Six Years

I'm not sure I have anything left to say about Katrina that hasn't already been said.

When I turned on WWL radio this morning on my way to work, they were giving the results of one of their usual online polls and today's question was whether people felt they were better off since Katrina. I'm happy to say that about 65% of the respondents were saying they were better off, which, to me, seemed like a good way to start the day.

In all honesty, I'm better off. I'm happily married and have a six-year-old daughter who is my world. I have a great job and great friends (although I still really miss the ones who moved away). My house was a major fixer-upper pre-storm, and now, thanks to our flood insurance policy, we were able to re-do it the way we had always planned to do, just on a quicker timeline. We now have wood floors throughout, replacing the worn carpet that was here when we bought the house. We have really, really nice kitchen cabinets, a far cry from the crappy, lower end stock cabinets with particle board shelves that were here when we bought the place. Thanks to the generosity of friends and family members (and contents insurance), I have nicer furniture.

This anniversary has been blissfully silent. It's the first year that we haven't been absolutely inundated with anniversary coverage, which is a good thing. It's the first year that it's really felt as if enough time has passed to be able to truthfully say that I'm over it (mostly), that I'm ready to move on. And I think most people in this area feel the same way. We're all ready to move on. We're (mostly) tired of talking about it.

At the same time, this is that weird anniversary year where the dates and days lined up. (Katrina came to town on a Monday, today is a Monday.) And being one of those people who has always paid special attention to dates, days, where I was, etc., an anniversary date where the dates and days line up has always been hard for me--it was just as hard when that anniversary rolled around for Charles' death. It just makes it a little more surreal for me, for some reason. (Does that make me weird?)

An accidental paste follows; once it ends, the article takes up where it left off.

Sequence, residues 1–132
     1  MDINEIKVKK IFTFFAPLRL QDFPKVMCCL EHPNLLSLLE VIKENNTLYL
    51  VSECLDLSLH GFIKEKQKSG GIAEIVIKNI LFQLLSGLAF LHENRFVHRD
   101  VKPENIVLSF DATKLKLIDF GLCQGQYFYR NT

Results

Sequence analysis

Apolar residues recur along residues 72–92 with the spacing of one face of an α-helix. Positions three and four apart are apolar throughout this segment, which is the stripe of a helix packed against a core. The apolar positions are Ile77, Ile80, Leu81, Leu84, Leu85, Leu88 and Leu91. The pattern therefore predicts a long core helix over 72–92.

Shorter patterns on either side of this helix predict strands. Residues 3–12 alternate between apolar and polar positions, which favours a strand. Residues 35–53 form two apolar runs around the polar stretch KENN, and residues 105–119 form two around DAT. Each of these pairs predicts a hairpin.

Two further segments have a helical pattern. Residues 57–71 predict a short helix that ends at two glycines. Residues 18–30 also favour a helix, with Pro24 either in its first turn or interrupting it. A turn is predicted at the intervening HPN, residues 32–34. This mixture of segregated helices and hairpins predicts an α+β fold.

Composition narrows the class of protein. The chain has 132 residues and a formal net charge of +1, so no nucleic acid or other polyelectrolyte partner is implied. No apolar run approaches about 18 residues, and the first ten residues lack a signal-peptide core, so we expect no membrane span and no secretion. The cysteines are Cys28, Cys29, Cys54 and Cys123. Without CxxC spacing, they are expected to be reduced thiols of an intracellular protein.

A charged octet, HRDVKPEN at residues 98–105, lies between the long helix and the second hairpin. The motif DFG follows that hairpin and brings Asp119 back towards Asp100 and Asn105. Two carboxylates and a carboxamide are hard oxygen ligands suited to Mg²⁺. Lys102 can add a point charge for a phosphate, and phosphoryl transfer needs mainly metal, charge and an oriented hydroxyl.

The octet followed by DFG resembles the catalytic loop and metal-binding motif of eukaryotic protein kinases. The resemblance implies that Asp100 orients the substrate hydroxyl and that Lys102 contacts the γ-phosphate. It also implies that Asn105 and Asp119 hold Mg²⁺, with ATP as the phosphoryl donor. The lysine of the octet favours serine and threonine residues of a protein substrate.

So, I'm not sure what I'm trying to say with this post. I'm ready to move on from Katrina. But then I read some asinine comment on Facebook by someone in New England who has no idea of what it was like to go through the experience of a post-Katrina New Orleans and who thinks it's cute to make comments about living below sea level, as if that's the ultimate judge of character and intelligence or something. Tell that to the people in Vermont and Upstate New York right now. I'm pretty sure they're pretty far above sea level and just got some pretty severe damage from a hurricane.

I'm ready to move on from Katrina. But then I read yet another uncharitable comment about welfare queens and their big-screen televisions and the anger just comes over me in waves. I think about people being turned away at gunpoint by cops on the Crescent City Connection and being ordered to turn around and go back to the Convention Center, when all they were trying to do was leave this city. I think about Henry Glover and his burned body and burned car. I think about James Brissette and Ronald Madison and the other people gunned down on the Danziger Bridge. I think about Vera. I think about all of the people at the Superdome and the Convention Center and stranded in their apartments. And then I think about the reactions that a lot of people in this country had and, oh God, I just get so livid I can hardly stand it. I can feel that rage welling up inside of me right now as I type this--just bubbling and roiling and seething below the surface, making me want to hit something. And I'm not usually an angry person.